#EngVocab: Other Ways to Say “Old”

Hey fellas, how was your day? My town is still celebrating the Independence Day. How about yours?

So today in #EngVocab, we have collected seven words – among many – that you can use to describe old things. Here they are:

1. Ancient, means dating from very long ago¹.

These ancient ruins were once a glorious palace.

2. Antique, means made in typical of earlier time and valued for its age². Antique is commonly used to describe a piece of porcelain ware or furniture which is valued for its beauty and rarity.

That antique mirror is probably worth over ten thousand dollars.

3. Archaic, means extremely old as seeming to belong to an earlier period². It also means no longer current or applicable³.

The archaic notion that a woman’s place is in the home now begins to disappear.

4. Venerable, means impressive by reason of age². You can also use venerable to describe a person who deserves respect because he is old and wise.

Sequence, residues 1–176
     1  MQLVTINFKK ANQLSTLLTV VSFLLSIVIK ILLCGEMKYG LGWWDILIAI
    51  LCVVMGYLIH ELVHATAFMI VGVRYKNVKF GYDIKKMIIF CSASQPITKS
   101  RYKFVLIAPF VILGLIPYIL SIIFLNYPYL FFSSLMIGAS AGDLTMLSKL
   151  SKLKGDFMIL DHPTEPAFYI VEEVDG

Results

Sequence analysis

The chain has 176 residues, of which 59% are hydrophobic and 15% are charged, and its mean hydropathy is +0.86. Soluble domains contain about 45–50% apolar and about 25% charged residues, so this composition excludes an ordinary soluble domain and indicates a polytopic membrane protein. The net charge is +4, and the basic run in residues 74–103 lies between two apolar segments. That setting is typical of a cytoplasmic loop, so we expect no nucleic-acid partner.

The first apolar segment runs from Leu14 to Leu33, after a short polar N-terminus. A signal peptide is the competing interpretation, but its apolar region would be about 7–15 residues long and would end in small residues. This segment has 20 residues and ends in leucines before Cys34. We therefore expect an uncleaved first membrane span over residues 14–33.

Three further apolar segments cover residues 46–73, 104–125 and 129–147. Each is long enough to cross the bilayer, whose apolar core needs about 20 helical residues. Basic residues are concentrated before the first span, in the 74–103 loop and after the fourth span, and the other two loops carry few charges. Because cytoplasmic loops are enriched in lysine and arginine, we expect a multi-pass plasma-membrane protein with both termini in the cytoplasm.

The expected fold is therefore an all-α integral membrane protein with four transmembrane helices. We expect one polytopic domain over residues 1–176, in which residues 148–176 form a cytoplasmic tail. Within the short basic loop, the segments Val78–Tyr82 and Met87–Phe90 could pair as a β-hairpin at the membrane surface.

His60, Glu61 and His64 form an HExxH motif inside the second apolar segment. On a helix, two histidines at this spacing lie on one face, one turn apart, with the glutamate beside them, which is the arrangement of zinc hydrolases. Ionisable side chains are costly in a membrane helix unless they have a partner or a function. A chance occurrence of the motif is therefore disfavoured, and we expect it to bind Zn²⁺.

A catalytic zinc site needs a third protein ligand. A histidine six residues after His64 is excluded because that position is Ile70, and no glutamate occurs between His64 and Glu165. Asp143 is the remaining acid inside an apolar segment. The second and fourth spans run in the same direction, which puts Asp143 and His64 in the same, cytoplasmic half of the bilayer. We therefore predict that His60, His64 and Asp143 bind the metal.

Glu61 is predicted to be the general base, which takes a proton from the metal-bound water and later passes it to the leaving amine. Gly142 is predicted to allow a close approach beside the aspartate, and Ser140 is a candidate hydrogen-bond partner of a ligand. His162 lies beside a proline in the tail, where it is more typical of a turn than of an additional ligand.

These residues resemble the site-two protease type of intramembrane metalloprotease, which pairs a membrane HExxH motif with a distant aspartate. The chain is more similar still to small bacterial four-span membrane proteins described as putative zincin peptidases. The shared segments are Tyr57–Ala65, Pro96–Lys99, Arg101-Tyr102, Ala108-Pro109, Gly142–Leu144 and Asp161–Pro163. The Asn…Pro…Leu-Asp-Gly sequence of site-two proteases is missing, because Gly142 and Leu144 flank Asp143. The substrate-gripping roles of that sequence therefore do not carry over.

He gave a visit to the venerable temple of Borobudur last summer.

A venerable wizard with white hair, long beard, and pointy hat climbs up the stage.

5. Obsolete, means no longer in use³. Something that is obsolete is no longer needed because a better thing now exists.

In 1998, an estimated 20 million computers became obsolete every year.

(Forbes)

6. Superannuated, means too old to be useful².

People no longer store food in that superannuated silo.

7. Outdated, means no longer valid or fashionable²Outdated has the closest meaning with kadaluarsa in Bahasa Indonesia.

I suggest you contact the office, because the information on the website is outdated.

There you go, fellas. Old is a very general term, so you can use those adjectives to describe an old thing more specifically.

 

Source:

¹ Collins English Dictionary

² WordNet 3.0

³ American Heritage® Dictionary of the English Language

Compiled and written by @refafined for @EnglishTips4U on August 18, 2016.

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